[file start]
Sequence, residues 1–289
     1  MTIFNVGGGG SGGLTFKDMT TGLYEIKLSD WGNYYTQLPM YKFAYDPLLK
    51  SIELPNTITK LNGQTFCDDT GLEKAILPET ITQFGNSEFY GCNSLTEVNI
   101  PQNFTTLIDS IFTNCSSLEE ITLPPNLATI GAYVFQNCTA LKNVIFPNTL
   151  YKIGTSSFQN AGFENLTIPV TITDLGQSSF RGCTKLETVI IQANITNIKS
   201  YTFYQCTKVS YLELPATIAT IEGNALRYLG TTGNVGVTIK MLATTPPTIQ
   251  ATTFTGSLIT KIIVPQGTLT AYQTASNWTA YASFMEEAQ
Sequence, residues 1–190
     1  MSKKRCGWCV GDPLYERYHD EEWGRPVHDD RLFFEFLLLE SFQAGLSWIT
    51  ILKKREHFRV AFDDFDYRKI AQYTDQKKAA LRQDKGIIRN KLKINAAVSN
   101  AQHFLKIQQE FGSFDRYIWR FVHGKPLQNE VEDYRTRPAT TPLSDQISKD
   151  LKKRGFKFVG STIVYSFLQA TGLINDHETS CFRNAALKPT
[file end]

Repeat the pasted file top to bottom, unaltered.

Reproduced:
Sequence, residues 1–289
     1  MTIFNVGGGG SGGLTFKDMT TGLYEIKLSD WGNYYTQLPM YKFAYDPLLK
    51  SIELPNTITK LNGQTFCDDT GLEKAILPET ITQFGNSEFY GCNSLTEVNI
   101  PQNFTTLIDS IFTNCSSLEE ITLPPNLATI GAYVFQNCTA LKNVIFPNTL
   151  YKIGTSSFQN AGFENLTIPV TITDLGQSSF RGCTKLETVI IQANITNIKS
   201  YTFYQCTKVS YLELPATIAT IEGNALRYLG TTGNVGVTIK MLATTPPTIQ
   251  ATTFTGSLIT KIIVPQGTLT AYQTASNWTA YASFMEEAQ
Sequence, residues 1–190
     1  MSKKRCGWCV GDPLYERYHD EEWGRPVHDD RLFFEFLLLE SFQAGLSWIT
    51  ILKKREHFRV AFDDFDYRKI AQYTDQKKAA LRQDKGIIRN KLKINAAVSN
   101  AQHFLKIQQE FGSFDRYIWR FVHGKPLQNE VEDYRTRPAT TPLSDQISKD
   151  LKKRGFKFVG STIVYSFLQA TGLINDHETS CFRNAALKPT